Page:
Chicago Landlords Beware: Tenants Rejoice

Despite vehement objection by several aldermen, property owners’ organizations and developers, the City of Chicago passed what’s come to be known as “The Fair Notice Eviction Ordinance” on July 22, 2020 by a vote of 36-14.  Not to be confused with the COVID-19 Eviction Protection Notice passed in June 2020, the Fair Notice Eviction Ordinance amends the Chicago Residential Landlord Tenant Ordinance and requires ALL residential landlords of City of Chicago property[1] to now provide extended notice of lease terminations, rent increases and non-renewals.   The previously required 30 days’ notice has been extended to as much as 120 days, depending on the length of the existing tenancy.  Acknowledging that Chicago will now have “one of the longest notice periods in the country,” Mayor Lori Lightfoot pushed hard for this controversial tenants’ rights provision against a backdrop of feared increase in small building owner foreclosures, disincentive for distressed neighborhood investment and a history of tenant abuse during the shorter, 30 day notice period.  On the flip side, proponents of the Ordinance, citing the need for housing stability and leniency, advanced concern that, especially during the economic devastation of COVID-19, 30 days is simply not enough time for a tenant to pack up, find new housing and leave when faced with non-renewal.    In short, the new Ordinance provides for the following:

Extends the notice period for non-renewal of leases from the current 30 days to:

  • 60 days prior to the stated lease termination date for tenants who have lived in their current apartment for between 6 months and 3 years
  • 120 days for tenants who have lived in their current apartment for over 3 years
  • This section pertains to all “periodic” residential leases—yearly and month-to-month
  • This section does not govern evictions filed for nonpayment of rent or other lease violations, such as abandonment and disturbances.

Creates a new notice period for landlord’s intent to raise rent to:

  • 60 days for tenants who have lived in their current apartment for between 6 months and 3 years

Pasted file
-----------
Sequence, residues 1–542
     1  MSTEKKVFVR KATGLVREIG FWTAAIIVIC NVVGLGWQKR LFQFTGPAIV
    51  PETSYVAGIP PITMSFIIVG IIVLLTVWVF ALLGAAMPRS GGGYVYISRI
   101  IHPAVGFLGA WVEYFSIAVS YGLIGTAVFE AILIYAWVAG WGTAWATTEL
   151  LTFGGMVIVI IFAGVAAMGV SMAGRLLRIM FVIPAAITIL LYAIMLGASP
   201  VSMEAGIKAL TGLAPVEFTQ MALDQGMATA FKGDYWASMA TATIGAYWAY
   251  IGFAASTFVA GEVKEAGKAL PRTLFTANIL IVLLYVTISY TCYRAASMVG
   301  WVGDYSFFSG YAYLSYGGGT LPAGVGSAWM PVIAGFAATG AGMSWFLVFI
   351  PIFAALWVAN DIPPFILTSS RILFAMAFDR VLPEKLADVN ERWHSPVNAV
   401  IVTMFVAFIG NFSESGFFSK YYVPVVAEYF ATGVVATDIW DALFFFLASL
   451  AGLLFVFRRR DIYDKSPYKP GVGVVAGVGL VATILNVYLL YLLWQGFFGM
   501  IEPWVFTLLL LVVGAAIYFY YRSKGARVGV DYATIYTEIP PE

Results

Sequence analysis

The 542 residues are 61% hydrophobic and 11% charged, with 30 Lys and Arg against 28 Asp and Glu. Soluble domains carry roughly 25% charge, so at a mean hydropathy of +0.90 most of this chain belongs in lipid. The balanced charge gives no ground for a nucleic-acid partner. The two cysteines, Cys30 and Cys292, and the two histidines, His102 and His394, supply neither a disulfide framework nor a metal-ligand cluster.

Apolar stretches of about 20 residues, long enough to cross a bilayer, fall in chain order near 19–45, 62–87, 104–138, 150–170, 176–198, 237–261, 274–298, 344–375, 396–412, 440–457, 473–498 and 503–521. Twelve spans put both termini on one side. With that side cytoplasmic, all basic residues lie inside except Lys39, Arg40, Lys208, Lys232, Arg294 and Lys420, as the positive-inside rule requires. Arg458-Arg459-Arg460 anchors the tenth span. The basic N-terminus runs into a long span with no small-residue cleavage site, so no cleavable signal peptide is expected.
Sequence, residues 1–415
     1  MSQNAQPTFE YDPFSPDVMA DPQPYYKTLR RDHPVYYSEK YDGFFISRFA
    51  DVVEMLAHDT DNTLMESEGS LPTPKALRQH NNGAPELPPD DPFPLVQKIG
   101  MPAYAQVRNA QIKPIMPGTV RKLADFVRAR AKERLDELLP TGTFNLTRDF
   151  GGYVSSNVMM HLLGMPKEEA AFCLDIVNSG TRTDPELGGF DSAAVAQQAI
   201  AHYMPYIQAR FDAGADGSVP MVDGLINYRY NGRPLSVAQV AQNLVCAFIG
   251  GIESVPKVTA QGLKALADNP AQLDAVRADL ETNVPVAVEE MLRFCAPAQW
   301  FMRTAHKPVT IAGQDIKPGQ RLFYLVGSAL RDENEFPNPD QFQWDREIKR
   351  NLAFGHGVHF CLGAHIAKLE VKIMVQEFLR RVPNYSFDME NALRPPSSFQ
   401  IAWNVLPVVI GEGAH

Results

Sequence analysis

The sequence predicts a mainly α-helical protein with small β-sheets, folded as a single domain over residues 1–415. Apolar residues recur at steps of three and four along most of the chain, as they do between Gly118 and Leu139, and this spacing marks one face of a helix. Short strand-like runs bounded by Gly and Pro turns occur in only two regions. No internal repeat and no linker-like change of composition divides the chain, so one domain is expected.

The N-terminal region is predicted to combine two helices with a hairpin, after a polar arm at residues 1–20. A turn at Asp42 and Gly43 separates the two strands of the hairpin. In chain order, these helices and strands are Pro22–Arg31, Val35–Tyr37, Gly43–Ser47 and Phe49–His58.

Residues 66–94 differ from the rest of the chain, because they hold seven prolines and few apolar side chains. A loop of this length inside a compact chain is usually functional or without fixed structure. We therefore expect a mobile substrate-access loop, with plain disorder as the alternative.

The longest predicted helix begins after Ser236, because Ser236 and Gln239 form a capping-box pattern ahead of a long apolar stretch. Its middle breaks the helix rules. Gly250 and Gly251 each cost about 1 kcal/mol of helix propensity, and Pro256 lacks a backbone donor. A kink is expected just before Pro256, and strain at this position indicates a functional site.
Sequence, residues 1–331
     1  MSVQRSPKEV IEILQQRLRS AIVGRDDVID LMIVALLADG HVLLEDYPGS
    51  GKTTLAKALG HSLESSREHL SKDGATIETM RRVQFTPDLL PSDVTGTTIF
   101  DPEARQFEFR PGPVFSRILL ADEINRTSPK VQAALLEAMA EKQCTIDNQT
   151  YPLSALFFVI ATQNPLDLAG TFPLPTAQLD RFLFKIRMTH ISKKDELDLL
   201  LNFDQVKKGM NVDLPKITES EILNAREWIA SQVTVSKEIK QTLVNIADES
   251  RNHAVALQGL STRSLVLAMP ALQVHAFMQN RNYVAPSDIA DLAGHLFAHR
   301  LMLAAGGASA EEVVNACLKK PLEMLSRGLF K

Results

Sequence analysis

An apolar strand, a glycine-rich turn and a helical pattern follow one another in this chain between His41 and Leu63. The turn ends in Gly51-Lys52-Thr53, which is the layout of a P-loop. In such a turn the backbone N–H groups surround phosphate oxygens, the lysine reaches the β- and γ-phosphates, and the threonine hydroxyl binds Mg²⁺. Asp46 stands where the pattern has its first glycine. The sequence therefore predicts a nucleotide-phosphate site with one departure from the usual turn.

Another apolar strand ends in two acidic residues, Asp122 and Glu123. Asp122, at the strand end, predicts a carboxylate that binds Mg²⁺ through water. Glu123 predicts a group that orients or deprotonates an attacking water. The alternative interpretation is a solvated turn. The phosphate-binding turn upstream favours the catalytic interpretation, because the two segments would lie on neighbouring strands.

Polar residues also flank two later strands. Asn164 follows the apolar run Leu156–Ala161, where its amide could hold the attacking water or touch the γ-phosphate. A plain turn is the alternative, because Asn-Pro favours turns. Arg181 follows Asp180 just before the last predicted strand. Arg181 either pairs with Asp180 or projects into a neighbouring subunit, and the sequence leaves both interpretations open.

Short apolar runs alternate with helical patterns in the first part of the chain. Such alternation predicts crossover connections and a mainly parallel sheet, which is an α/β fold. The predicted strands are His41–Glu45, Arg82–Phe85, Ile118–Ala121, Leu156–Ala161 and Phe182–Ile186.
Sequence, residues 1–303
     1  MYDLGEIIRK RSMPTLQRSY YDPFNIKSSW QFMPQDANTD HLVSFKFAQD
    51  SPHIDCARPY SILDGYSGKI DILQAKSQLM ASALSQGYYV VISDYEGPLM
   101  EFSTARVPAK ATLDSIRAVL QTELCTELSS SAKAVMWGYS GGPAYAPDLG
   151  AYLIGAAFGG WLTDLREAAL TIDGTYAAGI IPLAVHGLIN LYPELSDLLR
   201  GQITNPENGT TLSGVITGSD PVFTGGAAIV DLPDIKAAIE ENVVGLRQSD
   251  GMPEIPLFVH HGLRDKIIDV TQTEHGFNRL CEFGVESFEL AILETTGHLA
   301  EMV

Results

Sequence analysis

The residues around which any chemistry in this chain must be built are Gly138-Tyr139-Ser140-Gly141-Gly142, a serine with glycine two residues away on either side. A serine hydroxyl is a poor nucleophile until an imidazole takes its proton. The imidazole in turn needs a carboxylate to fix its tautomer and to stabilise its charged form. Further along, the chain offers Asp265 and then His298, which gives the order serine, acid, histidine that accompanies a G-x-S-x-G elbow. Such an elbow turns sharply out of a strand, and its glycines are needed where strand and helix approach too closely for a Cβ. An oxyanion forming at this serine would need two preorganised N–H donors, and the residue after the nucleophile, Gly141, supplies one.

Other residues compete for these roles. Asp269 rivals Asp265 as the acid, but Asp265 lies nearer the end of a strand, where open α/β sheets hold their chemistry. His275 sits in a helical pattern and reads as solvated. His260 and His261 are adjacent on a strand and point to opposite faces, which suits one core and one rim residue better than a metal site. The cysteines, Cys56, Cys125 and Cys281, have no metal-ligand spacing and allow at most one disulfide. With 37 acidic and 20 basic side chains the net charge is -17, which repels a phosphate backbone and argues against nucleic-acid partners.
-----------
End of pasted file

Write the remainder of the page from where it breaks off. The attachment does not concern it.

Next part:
• 120 days for tenants who have lived in their current apartment for over 3 years

Introduces a new “right to cure” for tenants facing eviction for nonpayment of rent up until an order of possession is granted by the court:

  • Currently, tenants have a five-day period to pay their back rent after receiving a notice of nonpayment—after that, landlords can reject payment and continue the eviction
  • The new “right to cure” would now require landlords to accept full payment of all back rent, including court filing and service fees (but, alas, not attorney’s fees), up until an eviction order is issued by a court
  • This right can be used only once by a tenant in that specific unit
  • Possibly due to political horse-trading, only this “right to cure” provision does not apply to owner occupied buildings of 6 or fewer units. 

The penalty for failing to provide the requisite notice  is that the tenant may remain in the premises (regardless of the stated termination date) for up to 60 days after notice is provided for tenancies of less than 6 months, up to 90 days after notice is provided for tenancies of between 6 months to 3 years and up to 120 days after notice is provided for tenancies of greater than 3 years. 

Passed on July 22, 2020, the new Ordinance has a 90-day grace period and does not apply to any existing rental agreements that expire before October 20, 2020.   Stalled in committee is another proposed ordinance -“Just Cause Eviction” – that would, among other things, limit a landlord’s ability to pursue eviction and add a mandatory relocation fee to be paid to tenants upon a building’s demolition, renovation or condominium conversion. This proposal is currently tied up in the City Council Rules Committee.  One thing is certain, this is a very fluid process, and more change is on the horizon. Depending upon your point of view, these changes could be for the better . . . or not. 

For further information, please e-mail Michael Friman or call (312) 648-2300. 

[1] As previously drafted, the Chicago Residential Landlord Tenant Ordinance does not apply to owner occupied buildings with 6 or fewer units. The new Ordinance expands that coverage with respect to the specific provisions stated herein.


[DISCLAIMER – This information is solely for information purposes and does not constitute legal advice. Please contact SFBBG with all legal questions.]





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